It can be difficult to know how to advocate for yourself in a doctor’s appointment. I’ve been faced with this for years, and I still sometimes find it difficult. However, forming a patient-doctor alliance where you work together is part of a comprehensive wellness plan. In order to participate in this, you must be able to advocate for your own needs and wants. Here’s how to advocate for yourself in a doctor’s appointment.

Why Is It So Hard to Advocate for Yourself in a Doctor’s Appointment?

There are many reasons why it’s hard to advocate for yourself in front of a doctor. Sometimes, it’s related to the doctor, sometimes the patient, and sometimes the situation.

Of course, some doctors are harder to advocate in front of than others. Some doctors have an old-school mindset wherein the doctor is a paternal figure. In other words, they are the parent and the patient is the child. The child then simply does what the parent says without question.

This is the way doctor-patient interactions used to be. Obviously, doctors like that are less receptive to you advocating for your own mental health. Most doctors realize this isn’t the best way anymore, however.

In other cases, some patients just have a really hard time standing up for themselves, period. No matter the doctor or the situation, the patient just won’t speak up. This might be because the person is acutely ill with something like depression or extreme anxiety, or it might just be an individual’s personality.

Finally, sometimes, the situation itself breeds an inability to advocate for yourself in a doctor’s appointment. For example, if you don’t know what you want or you don’t know enough about the reason you’re being treated, it can be impossible to know how to advocate for yourself in a doctor’s appointment.

Why You Need to Know How to Advocate for Yourself in a Doctor’s Appointment

It’s not just about standing up for yourself; it’s actually about an improved prognosis. When you have a better doctor-patient relationship, your likely outcome actually improves. See here:

In the literature, much of the weight is placed on the doctor to make this happen, and that’s fair as they are the professionals, but as two people make up a relationship, I would suggest that patients bear some responsibility, too.

What You Need to Know to Advocate for Yourself in a Doctor’s Appointment

There are fundamental things you need to understand before discussing how to advocate for yourself in a doctor’s appointment. These include:

Tips for How to Advocate for Yourself in a Doctor’s Appointment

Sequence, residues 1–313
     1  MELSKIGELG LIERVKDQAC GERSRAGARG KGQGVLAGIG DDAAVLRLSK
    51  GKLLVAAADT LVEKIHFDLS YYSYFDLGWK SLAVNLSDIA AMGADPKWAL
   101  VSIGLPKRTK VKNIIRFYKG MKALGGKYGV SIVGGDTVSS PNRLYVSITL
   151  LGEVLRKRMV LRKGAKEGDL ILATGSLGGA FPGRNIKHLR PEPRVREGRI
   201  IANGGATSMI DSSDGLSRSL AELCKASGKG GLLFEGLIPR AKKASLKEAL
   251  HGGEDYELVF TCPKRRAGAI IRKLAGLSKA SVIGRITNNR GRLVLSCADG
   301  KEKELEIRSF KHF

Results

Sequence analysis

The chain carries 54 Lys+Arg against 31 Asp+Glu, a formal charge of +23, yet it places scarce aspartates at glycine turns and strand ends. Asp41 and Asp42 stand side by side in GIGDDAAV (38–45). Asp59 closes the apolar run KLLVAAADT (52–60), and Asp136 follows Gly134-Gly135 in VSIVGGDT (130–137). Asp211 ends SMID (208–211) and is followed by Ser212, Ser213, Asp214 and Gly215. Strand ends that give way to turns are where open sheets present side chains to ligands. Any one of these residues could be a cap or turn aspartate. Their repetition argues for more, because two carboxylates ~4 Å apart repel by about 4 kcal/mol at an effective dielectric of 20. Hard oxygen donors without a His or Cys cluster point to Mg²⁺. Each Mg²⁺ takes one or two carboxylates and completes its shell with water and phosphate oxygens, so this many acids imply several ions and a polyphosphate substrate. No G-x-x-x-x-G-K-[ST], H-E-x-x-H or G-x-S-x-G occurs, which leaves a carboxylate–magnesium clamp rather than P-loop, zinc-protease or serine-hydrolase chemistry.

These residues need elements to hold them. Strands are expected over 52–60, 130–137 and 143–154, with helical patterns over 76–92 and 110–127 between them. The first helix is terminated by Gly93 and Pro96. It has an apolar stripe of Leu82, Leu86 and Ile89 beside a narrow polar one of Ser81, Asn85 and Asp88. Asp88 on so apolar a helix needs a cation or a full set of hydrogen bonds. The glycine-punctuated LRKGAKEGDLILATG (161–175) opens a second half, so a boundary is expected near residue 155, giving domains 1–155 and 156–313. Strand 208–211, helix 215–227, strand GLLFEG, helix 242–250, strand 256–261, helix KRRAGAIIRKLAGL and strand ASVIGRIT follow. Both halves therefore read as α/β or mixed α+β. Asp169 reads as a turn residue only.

Here are some tips for how to advocate for yourself in a doctor’s appointment:

  • Review the factors that may be standing in your way (e.g., knowledge, anxiety, etc.). Make a plan for how to overcome those barriers.
  • Consider what you want out of your doctor’s appointment. Why are you attending? What are your goals? What do you need to communicate? What information do you need from them?
  • Write down everything you need to consider during an appointment ahead of time. (This might include appointment goals, questions, information about side effects, etc.) Take that information with you. (It’s common to forget these things in front of a doctor without a reminder.)
  • Consider bringing someone to your appointment to help advocate for you. Sometimes, it’s easier to stand up for ourselves with backup in the room. Or, sometimes, another person can advocate for us more effectively than we can,
  • Be upfront with your doctor during your appointment. Make sure your doctor knows what you need. There can’t be a successful alliance with you without your active participation.
  • Make your doctor write down their recommendations in your chart — especially if you don’t agree with them. For example, if you feel you need a test and your doctor won’t order it, tell your doctor you want them to write that in your chart. If your doctor is unreasonably denying you a test, they will often relent if they think there will be a written record of it.

What If Your Doctor Doesn’t Listen to You?

Unfortunately, sometimes, no matter how good a job you do advocating for yourself, some doctors just won’t listen, are unreasonable, or seemingly don’t have any interest in a positive doctor-patient relationship. If you’ve tried your best and the relationship isn’t working, get a referral to someone else. Your doctor is not doing you a favor by treating you; your doctor is, in fact, working for you. You have the right to fire them if they aren’t earning their money. (Yes, I know that’s not always possible. But it’s worth doing it in any way you can.)

No matter what, though, keep advocating for yourself and your health. You’re the one who has to live with your health and your treatment — not your doctor.

Image by Flickr user Vic.


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